GABA signalling in guard cells acts as a ‘stress memory’ to optimse plant water loss

Bo Xu, Yu Long, Xueying Feng, Xujun Zhu, Na Sai, Larissa Chirkova, Johannes Herrmann, Mamoru Okamoto, Rainer Hedrich, Matthew Gilliham

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Received Date: 19th December 19

The non-protein amino acid γ-aminobutyric acid (GABA) has been proposed to be an ancient messenger for cellular communication conserved across biological kingdoms. GABA has well-defined signalling roles in animals; however, whilst GABA accumulates in plants under stress it has not been determined if, how, where and when GABA acts as an endogenous plant signalling molecule. Here, we establish that endogenous GABA is a bona fide plant signal, acting via a mechanism not found in animals. GABA antagonises stomatal movement in response to opening and closing stimuli in multiple plant families including dicot and monocot crops. Using Arabidopsis thaliana, we show guard cell GABA production is necessary and sufficient to influence stomatal aperture, transpirational water loss and drought tolerance via inhibition of stomatal guard cell plasma membrane and tonoplast-localised anion transporters. This study proposes a novel role for GABA – as a ‘stress memory’ – and opens new avenues for improving plant stress tolerance.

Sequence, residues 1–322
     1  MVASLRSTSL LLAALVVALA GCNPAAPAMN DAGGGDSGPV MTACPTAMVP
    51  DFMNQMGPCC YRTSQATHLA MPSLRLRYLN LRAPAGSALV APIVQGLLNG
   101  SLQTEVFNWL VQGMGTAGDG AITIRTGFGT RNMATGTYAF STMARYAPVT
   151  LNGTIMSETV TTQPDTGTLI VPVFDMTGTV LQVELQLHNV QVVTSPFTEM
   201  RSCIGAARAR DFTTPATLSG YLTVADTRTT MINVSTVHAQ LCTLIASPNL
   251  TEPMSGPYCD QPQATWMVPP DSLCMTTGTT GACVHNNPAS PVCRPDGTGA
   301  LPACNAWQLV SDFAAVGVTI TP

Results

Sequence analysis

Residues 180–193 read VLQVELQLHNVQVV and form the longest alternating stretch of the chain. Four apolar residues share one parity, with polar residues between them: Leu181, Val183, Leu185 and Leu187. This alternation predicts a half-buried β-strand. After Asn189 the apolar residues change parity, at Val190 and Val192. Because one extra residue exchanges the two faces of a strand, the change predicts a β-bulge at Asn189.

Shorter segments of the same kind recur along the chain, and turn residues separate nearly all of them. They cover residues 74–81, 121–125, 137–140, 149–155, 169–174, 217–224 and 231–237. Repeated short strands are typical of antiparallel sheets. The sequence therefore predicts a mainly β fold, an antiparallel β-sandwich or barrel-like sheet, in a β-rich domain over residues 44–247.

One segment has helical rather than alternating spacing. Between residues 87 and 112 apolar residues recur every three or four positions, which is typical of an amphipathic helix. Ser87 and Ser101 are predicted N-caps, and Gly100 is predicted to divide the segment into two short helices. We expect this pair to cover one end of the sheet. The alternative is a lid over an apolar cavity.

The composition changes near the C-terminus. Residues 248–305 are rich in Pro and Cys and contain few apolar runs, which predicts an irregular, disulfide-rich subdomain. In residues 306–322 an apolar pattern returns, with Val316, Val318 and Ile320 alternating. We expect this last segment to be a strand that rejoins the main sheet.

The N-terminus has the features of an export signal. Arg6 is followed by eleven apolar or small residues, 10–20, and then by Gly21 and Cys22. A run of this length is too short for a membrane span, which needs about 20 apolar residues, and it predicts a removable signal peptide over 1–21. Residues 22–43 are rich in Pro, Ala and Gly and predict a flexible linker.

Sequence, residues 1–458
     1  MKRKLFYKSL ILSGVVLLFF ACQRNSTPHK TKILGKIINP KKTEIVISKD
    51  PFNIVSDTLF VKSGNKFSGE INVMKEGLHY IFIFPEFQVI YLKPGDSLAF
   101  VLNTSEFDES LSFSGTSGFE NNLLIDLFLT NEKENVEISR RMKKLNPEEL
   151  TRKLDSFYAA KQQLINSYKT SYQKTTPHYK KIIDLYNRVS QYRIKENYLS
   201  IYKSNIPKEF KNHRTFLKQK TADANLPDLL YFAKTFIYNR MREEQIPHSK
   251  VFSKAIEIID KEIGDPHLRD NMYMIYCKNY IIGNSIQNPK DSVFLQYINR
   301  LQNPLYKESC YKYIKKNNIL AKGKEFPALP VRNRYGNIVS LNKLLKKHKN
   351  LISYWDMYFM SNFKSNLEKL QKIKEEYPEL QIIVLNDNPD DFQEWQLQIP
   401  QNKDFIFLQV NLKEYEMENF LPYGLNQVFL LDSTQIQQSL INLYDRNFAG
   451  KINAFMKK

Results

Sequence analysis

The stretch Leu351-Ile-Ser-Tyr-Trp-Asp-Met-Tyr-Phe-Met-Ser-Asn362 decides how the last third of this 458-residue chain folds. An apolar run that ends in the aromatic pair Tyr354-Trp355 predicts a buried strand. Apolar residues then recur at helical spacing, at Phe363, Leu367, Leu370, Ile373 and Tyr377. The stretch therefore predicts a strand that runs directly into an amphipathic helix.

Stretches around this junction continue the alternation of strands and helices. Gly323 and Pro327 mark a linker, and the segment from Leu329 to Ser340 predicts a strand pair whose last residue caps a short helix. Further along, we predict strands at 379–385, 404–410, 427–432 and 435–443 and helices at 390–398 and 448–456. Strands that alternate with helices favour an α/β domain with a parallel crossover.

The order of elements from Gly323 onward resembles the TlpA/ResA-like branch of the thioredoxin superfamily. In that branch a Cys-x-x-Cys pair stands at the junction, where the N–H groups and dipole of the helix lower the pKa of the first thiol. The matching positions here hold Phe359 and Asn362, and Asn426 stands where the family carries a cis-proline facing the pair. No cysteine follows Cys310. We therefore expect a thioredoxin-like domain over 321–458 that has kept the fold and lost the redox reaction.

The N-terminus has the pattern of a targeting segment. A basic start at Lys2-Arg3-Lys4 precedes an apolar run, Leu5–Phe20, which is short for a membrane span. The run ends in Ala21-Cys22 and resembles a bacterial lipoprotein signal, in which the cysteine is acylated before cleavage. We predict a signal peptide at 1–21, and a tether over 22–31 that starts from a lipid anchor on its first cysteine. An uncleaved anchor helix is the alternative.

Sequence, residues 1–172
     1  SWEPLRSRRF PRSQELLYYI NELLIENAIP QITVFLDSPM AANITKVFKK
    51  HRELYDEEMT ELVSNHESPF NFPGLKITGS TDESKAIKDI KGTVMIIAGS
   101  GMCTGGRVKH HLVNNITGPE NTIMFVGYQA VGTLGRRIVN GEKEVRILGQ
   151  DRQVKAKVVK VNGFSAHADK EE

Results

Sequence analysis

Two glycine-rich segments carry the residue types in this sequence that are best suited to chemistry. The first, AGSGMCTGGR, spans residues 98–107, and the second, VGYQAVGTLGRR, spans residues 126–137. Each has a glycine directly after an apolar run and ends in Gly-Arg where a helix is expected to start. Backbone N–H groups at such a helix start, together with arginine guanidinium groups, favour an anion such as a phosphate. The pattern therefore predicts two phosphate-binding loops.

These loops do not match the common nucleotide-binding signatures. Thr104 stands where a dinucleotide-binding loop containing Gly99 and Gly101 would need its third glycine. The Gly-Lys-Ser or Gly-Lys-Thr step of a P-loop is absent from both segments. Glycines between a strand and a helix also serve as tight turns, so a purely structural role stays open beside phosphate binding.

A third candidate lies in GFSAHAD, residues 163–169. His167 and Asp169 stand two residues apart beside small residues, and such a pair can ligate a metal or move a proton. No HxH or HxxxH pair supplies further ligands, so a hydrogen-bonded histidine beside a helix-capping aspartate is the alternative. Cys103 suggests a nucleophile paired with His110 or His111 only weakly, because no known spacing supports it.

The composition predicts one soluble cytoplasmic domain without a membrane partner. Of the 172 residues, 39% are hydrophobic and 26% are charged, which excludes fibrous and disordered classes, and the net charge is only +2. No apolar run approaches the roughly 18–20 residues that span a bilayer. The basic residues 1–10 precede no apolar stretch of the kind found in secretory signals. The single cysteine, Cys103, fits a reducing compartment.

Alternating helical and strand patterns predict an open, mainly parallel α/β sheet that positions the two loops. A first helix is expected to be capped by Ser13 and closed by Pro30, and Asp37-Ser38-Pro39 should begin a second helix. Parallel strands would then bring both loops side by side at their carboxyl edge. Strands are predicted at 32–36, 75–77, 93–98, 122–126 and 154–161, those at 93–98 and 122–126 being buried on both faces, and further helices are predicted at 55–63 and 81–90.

Read in full at bioRxiv.

This is an abstract of a preprint hosted on an independent third party site. It has not been peer reviewed but is currently under consideration at Nature Communications.

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